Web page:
Invertebrate Diversity under Artificial Cover in Relation to Boreal Forest Habitat Characteristics


  • Steven H. Ferguson Fisheries and Oceans Canada, Freshwater Institute, 501 University Crescent,Winnipeg, Manitoba R3T 2N6
  • Danielle K. A. Berube Department of Biology, Lakehead University, 955 Oliver Road, Thunder Bay, Ontario P7B 5E1



arthropods, biodiversity, conifer, earthworms, indices of diversity, moisture, Ontario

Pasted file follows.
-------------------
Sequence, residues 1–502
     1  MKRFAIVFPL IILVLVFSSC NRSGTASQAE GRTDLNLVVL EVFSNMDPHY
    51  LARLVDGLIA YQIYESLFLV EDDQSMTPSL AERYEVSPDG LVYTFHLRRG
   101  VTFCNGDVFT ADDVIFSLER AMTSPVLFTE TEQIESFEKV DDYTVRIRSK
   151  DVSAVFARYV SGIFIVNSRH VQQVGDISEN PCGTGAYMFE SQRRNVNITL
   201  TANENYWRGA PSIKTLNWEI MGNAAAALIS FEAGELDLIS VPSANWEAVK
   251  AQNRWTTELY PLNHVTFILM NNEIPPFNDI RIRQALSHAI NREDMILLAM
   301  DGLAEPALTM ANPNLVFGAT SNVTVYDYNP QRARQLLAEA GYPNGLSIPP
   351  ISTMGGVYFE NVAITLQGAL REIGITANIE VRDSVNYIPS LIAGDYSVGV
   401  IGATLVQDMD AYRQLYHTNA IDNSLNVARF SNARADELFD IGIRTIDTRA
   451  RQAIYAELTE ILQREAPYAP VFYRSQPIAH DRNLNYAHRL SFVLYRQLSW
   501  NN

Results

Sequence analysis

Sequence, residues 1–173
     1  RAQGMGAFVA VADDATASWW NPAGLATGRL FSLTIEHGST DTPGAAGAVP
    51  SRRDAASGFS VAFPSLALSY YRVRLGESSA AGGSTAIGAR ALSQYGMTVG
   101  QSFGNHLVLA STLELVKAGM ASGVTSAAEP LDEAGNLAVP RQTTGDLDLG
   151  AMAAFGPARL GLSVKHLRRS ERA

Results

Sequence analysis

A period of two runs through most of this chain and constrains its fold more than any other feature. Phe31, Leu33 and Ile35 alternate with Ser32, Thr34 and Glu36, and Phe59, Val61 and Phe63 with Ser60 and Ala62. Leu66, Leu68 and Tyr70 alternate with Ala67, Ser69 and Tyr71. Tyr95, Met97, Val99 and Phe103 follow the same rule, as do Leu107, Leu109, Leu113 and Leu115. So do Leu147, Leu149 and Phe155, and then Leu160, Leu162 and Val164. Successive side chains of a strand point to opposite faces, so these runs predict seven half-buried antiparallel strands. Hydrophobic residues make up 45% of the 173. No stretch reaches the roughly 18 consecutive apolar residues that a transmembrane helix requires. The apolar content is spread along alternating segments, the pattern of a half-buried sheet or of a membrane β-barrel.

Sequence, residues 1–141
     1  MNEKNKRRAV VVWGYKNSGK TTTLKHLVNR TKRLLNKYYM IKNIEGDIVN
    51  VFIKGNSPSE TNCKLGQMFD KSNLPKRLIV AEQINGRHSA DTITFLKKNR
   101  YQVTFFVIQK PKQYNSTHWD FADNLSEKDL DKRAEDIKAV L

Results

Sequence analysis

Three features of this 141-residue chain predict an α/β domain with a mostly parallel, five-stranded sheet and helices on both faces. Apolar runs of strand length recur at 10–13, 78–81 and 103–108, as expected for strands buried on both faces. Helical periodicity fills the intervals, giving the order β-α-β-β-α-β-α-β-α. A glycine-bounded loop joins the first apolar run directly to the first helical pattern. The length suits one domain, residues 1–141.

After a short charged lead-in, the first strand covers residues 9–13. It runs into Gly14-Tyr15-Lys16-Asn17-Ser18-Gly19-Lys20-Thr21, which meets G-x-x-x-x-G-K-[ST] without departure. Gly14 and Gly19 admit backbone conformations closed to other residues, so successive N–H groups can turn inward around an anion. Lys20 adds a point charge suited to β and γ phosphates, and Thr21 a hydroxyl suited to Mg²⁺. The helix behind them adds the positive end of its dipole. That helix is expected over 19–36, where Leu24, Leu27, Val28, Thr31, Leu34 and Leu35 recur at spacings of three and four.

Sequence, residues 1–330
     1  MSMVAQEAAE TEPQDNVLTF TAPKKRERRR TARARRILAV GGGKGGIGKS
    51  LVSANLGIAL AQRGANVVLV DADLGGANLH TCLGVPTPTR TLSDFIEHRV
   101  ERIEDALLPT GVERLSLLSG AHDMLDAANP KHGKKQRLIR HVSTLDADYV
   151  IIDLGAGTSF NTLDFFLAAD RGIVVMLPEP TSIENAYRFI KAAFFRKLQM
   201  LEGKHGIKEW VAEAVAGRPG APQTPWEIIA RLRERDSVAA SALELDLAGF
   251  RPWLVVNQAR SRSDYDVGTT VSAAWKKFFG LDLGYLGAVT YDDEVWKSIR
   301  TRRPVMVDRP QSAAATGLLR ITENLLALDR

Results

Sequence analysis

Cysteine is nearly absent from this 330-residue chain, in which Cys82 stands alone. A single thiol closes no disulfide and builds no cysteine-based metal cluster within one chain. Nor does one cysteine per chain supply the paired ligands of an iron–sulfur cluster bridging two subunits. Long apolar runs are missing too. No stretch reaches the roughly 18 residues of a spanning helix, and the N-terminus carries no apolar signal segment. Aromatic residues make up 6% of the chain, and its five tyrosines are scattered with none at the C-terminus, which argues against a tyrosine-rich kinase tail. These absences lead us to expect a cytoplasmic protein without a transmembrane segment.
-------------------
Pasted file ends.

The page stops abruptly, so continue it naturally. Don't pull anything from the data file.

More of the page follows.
We investigated invertebrate diversity in boreal forests using an experimental design that consisted of counting soil invertebrates under artificial cover. The aim was to assess the utility of using soil invertebrate diversity as a measure of ecosystem health. The study area was grouped into five habitats: upland hardwood, lowland hardwood, conifer, shrub, and conifergrass. Simpson’s and Shannon’s indices of invertebrate diversity were negatively correlated with percent herbaceous cover. Number of recognizable taxonomic units (RTU richness) was negatively correlated with percent litter cover. The number of individual invertebrates was positively correlated with soil moisture and negatively correlated with percent conifer cover. Invertebrate diversity varied among habitat types, with conifer forests (spruce, fir, pine) having the highest diversity and regenerating conifer-grass forests having the lowest diversity, suggesting that successional stages affect diversity. The most productive sites, upland and lowland hardwood habitats, had the highest abundance of soil invertebrates, although intermediate diversity compared to the other five habitats. The results are consistent with the view that diversity increases and then decreases with productivity and disturbance over succession (ca. 50-100 yr). Hence, maintenance of soil invertebrate diversity in managed boreal forests requires the provision of a varied landscape with a mosaic of disturbance regimes.